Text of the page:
I first tasted this wine in May at the Big Fortified Tasting. Both then and last week I noted down “very Graham’s,” which is ironic. The ’72 is the first release of Graham’s Single Harvest Tawny Ports nurtured from vine to wine by the Symington and not the Graham family (who sold Graham’s to the Symingtons in 1970). For “very Graham’s,” read very vigorous. It’s not normally how I think of the genre, but this is an energetic Tawny – positively robust up to the ’69 with a powerful charge of chutneyed, spicy citrus and stone fruit – plenty of mid-palate oomph. And the lively acidity to make it dance. Fleet of foot then, with great resonance of toasted hazelnuts to augment a long lingering, cedar-licked finish. Speaking of cedar, I reckon this is the perfect long quaff partner for a cigar. Nine pipes out of 28 of the ’72 have been released, some of which found its way into these extravagant 4.5 litre bottles. 20% abv
Graham’s Single Harvest Tawny Port 1969
The beauty of Single Harvest or Colheita Tawnies is their individuality. An individuality borne of a single vintage which has undergone more or less the same ageing conditions (compared with 10 to 40 Year Old Tawnies which include Port from a wide range of years which may have been aged very differently). The ’69 could not be more different from the ’72 or, for that matter, the plush, darker ’61. It’s delicate, very citrussy, relatively pointy/tapered, with the focus I recall from first tasting it three years ago. Delicate and delicious with caramelised oranges, toasted almonds and hints of dried apricot on a rolling palate with lovely momentum and spice to the finish. Very fine, precise even and, Symington observed, with 4.3 baumé, significantly drier than the ’61 (which had 5.7 baumé; the ’72 was 4.7 baumé). Six pipes out of 17 of the ’69 were released in January 2012. 20% abv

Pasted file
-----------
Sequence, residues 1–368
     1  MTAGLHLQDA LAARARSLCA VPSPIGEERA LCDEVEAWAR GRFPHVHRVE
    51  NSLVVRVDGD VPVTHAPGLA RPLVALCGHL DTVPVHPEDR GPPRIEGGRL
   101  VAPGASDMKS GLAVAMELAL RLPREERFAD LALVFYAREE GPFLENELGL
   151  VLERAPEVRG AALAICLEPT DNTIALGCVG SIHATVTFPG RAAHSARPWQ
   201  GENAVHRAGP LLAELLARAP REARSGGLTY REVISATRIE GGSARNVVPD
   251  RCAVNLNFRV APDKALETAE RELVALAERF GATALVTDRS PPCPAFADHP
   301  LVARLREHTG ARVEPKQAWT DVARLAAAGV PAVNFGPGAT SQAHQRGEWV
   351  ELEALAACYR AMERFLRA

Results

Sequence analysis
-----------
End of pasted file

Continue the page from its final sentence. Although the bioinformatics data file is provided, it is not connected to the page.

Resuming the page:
Graham’s Single Harvest Tawny Port 1961
The ’61, Graham’s first released Single Harvest Tawny, was launched in early 2011. This bottling comprised 3 of 12 pipes, some of which has since disappeared into the 40 Year Old Tawny. It’s conker bright, quite ruddy, with flashes of red chesnut – markedly darker than the tawnier gold of the ’69 and ’72. It seemed to me, and Symington agreed, that this wine has some ‘Douro bake’ (i.e. some casks were aged in the Douro; hotter and drier than Vila Nova de Gaia’s Port lodges, Douro-aged casks are more susceptible to evaporation/concentration where summer temperatures average 36-38 degrees centigrade versus rarely 30 degrees in Vila Nova de Gaia). The ’61 is plusher on the mid-palate, quite velvety, with satisfying thick cut marmalade citrus/citrus peel, malt/bourbon and a woody, dusty, walnut timbre to the finish with a touch of tobacco. Not the clarity or energy of the other two but, like them, it is balanced if not as deft. For Symington, this balance is the key to a clean, food-friendly finish (as opposed to cloyingly sugar-coated one). 20%
Graham’s 20 Year Old Tawny Port